Remember, the pump is imitating the baby. Surely, no baby can feed for a whole hour, right? This is designed to imitate the baby feeding, falling asleep unsatisfied, and waking up to feed again.
We recommend that you start with 20 minutes on the pump, then take a 10 minute break. Then continue alternating between pumping and breaks every 10 minutes until your one-hour session is achieved. The timing does not have to be exact, since babies do not nurse for an exact time.
You should aim to get through your first milk letdown before you decide to rest. And if you find nursing and pumping time colliding, ensure you nurse the baby first, then proceed to power-pumping after you have rested.
One power pumping session may be enough for you, but some women may feel the need to do power pumping twice a day. To be sure, doing more than one cluster pumping session per day can be very draining, both mentally as well as physically.
That being said, not all women’s bodies are the same. Some will respond rapidly to power-pumping, while others will take more time to experience a change.
Some women start seeing positive results after two to three days of successive pumping. Others take four to seven days to notice results, while others claim not to see any change at all. Nevertheless, you should be patient and persistent if you do not see results right away.
What kind of breast pump do you need?
There are two types of pumps you can use. A manual power pump and an electric power pump.
A manual pump is way cheaper than an electric one, very quiet, and handy for random pumping. However, using a manual pump is very repetitive work, as it requires a lot of time and excessive pumping of the handle to create a vacuum. Using a manual pump will eliminate your resting period, and you have to switch to the other breast instead of pumping both at the same time.
For this reason, it is in your best interest to use an electric power pump, even if it is more expensive. It is easier and more convenient to use since the motor does all the pumping, while you can sit and watch a TV show, or catch up on some work.
Additionally, when choosing an electric pump, you will find two types: single breast and double breast. A single electric pump is the best option if you are going to express milk from time to time, but a double breast pump (it draws milk from both breasts concurrently) is convenient for drawing milk regularly.
Furthermore, a double electric pump delivers 18% more milk on average than having to pump each breast separately. Thus, if you are a busy mommy, a double electric pump might be your best option.
Lastly, research has found out that milk expressed from double pumping is higher in calorie and fat contents, as well as the hormone prolactin. The prolactin hormone is responsible for increased milk production – scientific evidence that pumping more from both breasts can help with supply issues!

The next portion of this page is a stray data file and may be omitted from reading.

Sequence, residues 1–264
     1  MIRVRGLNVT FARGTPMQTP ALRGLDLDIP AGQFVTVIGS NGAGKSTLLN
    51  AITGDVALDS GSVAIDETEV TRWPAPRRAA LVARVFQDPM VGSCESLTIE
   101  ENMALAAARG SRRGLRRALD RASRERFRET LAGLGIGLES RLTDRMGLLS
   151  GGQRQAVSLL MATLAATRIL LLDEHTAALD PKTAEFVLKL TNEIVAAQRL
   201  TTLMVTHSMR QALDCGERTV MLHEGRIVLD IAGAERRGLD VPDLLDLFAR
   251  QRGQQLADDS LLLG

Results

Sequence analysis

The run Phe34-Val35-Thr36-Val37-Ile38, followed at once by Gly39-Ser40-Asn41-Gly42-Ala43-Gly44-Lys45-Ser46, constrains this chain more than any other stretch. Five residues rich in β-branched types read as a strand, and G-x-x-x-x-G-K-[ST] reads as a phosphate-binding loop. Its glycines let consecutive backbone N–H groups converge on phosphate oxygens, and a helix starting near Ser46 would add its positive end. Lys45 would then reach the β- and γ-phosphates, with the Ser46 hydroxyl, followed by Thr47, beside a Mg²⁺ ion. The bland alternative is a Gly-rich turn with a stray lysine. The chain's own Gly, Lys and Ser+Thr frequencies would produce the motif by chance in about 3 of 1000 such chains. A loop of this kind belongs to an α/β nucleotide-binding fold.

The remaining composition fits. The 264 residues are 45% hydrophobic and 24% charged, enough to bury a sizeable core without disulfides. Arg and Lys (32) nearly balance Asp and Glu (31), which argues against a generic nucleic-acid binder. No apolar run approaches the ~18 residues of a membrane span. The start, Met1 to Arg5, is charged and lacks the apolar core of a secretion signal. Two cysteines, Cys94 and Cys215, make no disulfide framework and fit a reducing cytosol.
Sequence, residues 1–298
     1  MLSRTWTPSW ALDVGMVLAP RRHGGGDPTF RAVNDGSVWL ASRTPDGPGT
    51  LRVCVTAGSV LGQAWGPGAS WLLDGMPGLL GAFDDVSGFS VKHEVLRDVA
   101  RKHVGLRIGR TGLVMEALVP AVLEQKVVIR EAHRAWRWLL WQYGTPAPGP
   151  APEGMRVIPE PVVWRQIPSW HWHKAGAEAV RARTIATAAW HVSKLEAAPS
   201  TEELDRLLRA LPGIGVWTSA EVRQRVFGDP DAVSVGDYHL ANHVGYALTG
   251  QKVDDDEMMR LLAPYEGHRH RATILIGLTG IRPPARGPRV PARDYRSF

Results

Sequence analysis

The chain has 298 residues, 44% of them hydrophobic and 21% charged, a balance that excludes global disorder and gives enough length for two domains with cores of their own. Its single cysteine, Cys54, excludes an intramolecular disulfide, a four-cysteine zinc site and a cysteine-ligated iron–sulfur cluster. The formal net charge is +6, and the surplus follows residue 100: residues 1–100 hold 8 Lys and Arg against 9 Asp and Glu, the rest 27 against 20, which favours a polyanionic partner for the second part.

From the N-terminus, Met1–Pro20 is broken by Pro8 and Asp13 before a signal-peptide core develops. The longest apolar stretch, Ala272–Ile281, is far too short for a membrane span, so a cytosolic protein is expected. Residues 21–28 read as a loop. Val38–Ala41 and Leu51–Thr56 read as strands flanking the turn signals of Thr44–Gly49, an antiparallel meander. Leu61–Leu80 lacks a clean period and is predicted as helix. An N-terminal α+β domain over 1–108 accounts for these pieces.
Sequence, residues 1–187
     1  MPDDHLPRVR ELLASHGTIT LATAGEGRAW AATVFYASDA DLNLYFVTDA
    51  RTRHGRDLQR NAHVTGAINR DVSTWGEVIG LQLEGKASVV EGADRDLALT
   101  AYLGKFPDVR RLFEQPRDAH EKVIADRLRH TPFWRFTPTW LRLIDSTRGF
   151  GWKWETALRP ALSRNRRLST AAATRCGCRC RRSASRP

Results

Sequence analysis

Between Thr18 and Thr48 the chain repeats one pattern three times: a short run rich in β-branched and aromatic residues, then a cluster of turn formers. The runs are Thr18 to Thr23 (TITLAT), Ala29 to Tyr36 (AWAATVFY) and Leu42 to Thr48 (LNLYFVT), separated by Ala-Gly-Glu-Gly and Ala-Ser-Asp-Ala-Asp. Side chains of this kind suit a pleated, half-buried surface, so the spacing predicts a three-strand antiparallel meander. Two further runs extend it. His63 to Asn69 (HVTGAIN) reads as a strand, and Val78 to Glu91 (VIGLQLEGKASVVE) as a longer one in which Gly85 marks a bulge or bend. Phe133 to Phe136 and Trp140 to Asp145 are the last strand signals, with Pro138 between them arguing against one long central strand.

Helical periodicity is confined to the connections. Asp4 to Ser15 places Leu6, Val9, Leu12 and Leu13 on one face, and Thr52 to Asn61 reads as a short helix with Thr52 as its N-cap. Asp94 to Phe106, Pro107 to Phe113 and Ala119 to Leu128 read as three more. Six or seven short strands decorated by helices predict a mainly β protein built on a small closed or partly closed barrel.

A pump can be annoying to carry around. Check out our article Best Affordable Breast Pump Bags on how to pick the right bag for your breast pump!
Increasing your breast pumping efficiency
Just like all machines, the pump also becomes worn out if not taken care of rightly. So, it is very important to ensure that the pump and all its accessories are in a good state before you begin pumping.
All moving parts wear out after months and months of continuous use. You might think that your breast milk supply is decreasing, while it could be an aging electric pump that is worn out. Thus, if your pump is older than a year, it is time to consider replacing it with a new one.
Additionally, the valves, membranes, and tubing should also be replaced after about 6 months of use. Replacing a worn-out pump may seem like a big expense and a hassle, but it can be a cheap fix compared to the time you’ll waste otherwise.
Also, when you purchase a pump, you must ensure that the nipple flanges are a good fit for your breasts.
To ensure they all fit:
- Read the size guide. All manufacturers always provide a size guide, so it should not be hard to check.
- Measure the nipples. Take a ruler and measure the diameter of your nipples before deciding the flange size.
- Ensure the nipple is positioned in the flange. Consider purchasing angled flanges, as they tend to fit more ergonomically.
- Lastly, ensure that the tissue of your areola is not in the tunnel of the flange.
Tips and Tricks to pumping
Here are a few tips that will make power pumping easier and comfortable
- Use a hands-free bra
- Have a designated spot and make it comfortable. You can use pillows and blankets to make the spot cozy enough.
- Drink a lot of water to keep you hydrated. We don’t recommend sodas of coffee, as the caffeine in these drinks leads to dehydration. If you are dehydrated, you will not produce milk
- Play soothing music in the background. Soothing music is helpful at calming down after a stressful day. Your body will produce less milk if you are overly stress.
- Eat a healthy snack to fuel your extra milk production.
See also: Best Mini Fridges for Breast Milk
Before you embark on power-pumping, you should remember that power pumping does not work for all women.
I would recommend that any new mom with milk supply issues consider talking to a lactation consultant. They can really help you to understand if your milk supply is low, or whether your baby just has an issue with their latching and feeding. A lactation consultant can help get your milk production on track, or suggest other feeding strategies that will work for both you and your baby.
At the end of the day, many moms with chronic supply issues come to accept adding baby formula into their baby’s diet. It may not be what you want to hear, but in some cases it’s what is best for your baby.
Have you tried power pumping, did it work for you?
Tell us your story in the comments!